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Conference Paper: Combinations of self-assembling peptide nanofiber scaffold and chondroitinase-ABC appear to create a more permissive environment in optic tract brain lesion repair resulting in return of vision

TitleCombinations of self-assembling peptide nanofiber scaffold and chondroitinase-ABC appear to create a more permissive environment in optic tract brain lesion repair resulting in return of vision
Authors
Issue Date2007
PublisherThe Association for Research in Vision and Ophthalmology, Inc.
Citation
Annual Meeting of the Association for Research in Vision and Ophthalmology (ARVO), Fort Lauderdale, FL, 6-10 May 2007. In Investigative Ophthalmology & Visual Science, 2007, v. 48 n. 13, Abstract no. 3168 How to Cite?
AbstractPurpose:: Neurons in the adult mammalian central nervous system (CNS) have limited capability to regenerate their axons after injury. It is generally accepted that the inability of CNS axons to regenerate is partly due to the local environment of the injured CNS axons. Traumatic injury in the CNS is often followed by a robust glial reaction and the failure of CNS axons to regenerate is partly attributed to the inhibitory surface of the glial scar and extracellular matrix (ECM) produced by oligodendrocytes and astrocytes. Furthermore, a tissue gap formed after traumatic injury would completely block the reinnervation of the CNS axons. Methods:: In this experiment, the brachium of the superior colliculus was completely transected in a group of 38 adult golden hamsters and 20 µl of 1% self-assembling peptide nanofiber scaffold (SAPNS) and/or 2.5 units/ml (final concentration) Chondroitinase-ABC were injected into the lesion site. The progression of axonal regeneration and the reinnervation of the superior colliculus were monitored at 4, 6, and 12 weeks following the lesion by intravitreal injection of CTB-FITC. Each animal was tested every other day for 12 weeks by presenting stimulus that consisted of a seed and small cork. Results:: We found that SAPNS and Chondroitinase-ABC used together, facilitated retinal ganglion cell (RGC) axons to regenerate across the lesion site. The combination of SAPNS and Chondroitinase-ABC had a synergistic effect evidenced by the larger area of reinnervation than either the SAPNS or Chondroitinase-ABC. This effect was observed in all treatment groups as early as four weeks after the transection, while saline controls showed no reinnervation at any time point. The adult hamsters showed a functional return of vision in the SAPNS/Chondroitinase-ABC treated cases beginning at 6 weeks post-surgery. Conclusions:: The SAPNS/Chondroitinase-ABC combination offers an effective new means of creating a more permissive environment for growth after traumatic injury to the CNS, allowing regrowth of axons into the denervated site evidenced by functional return of vision.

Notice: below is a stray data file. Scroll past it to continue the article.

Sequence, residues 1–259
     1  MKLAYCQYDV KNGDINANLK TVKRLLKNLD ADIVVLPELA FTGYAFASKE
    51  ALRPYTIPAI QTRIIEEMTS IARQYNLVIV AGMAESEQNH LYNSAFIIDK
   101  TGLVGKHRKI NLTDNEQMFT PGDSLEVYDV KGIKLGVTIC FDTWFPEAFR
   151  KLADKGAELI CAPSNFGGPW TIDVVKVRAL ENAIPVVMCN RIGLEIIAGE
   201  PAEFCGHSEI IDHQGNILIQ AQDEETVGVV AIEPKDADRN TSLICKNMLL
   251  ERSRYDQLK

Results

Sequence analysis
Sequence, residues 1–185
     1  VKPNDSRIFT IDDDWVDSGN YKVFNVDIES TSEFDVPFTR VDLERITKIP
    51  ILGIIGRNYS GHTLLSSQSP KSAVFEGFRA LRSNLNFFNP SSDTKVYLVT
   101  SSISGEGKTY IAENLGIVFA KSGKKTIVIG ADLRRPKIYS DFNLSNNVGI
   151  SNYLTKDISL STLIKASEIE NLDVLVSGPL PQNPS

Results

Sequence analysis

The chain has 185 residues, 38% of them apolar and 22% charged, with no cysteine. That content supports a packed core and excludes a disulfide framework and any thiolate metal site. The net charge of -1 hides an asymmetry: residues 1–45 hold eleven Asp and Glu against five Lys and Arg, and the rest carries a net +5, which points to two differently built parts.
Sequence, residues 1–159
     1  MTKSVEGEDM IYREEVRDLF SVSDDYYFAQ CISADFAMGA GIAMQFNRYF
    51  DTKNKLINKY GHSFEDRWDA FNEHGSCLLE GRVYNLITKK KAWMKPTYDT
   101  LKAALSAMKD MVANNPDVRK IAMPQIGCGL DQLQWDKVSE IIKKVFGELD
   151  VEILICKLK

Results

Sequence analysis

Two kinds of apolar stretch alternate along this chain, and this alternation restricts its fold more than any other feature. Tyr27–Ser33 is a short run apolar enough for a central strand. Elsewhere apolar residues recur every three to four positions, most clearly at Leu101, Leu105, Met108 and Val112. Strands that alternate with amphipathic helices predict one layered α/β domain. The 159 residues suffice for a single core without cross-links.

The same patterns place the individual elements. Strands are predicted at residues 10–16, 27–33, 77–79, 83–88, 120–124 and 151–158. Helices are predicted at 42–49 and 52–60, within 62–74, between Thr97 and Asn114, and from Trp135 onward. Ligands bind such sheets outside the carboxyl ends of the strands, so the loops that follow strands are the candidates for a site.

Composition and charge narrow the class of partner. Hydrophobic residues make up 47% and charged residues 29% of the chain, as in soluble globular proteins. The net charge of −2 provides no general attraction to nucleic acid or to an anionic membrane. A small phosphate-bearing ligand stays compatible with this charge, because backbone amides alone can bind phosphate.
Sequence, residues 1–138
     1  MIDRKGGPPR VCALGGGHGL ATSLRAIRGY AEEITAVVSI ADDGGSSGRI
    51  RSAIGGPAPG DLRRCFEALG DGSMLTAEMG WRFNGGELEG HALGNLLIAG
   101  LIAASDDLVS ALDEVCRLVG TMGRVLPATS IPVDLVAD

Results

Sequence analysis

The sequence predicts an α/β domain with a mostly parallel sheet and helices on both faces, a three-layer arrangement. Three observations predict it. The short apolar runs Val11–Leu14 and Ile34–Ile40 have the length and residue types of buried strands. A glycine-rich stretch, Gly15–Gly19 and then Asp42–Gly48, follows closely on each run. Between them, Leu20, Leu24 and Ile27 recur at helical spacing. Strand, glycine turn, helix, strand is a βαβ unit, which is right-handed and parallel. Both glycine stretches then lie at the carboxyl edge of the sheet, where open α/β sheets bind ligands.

Persistent Identifierhttp://hdl.handle.net/10722/95012
ISSN

 

DC FieldValueLanguage
dc.contributor.authorSo, KFen_HK
dc.contributor.authorLiang, Yen_HK
dc.contributor.authorTay, DKCen_HK
dc.contributor.authorEllis-Behnke, RGen_HK
dc.date.accessioned2010-09-25T15:48:53Z-
dc.date.available2010-09-25T15:48:53Z-
dc.date.issued2007en_HK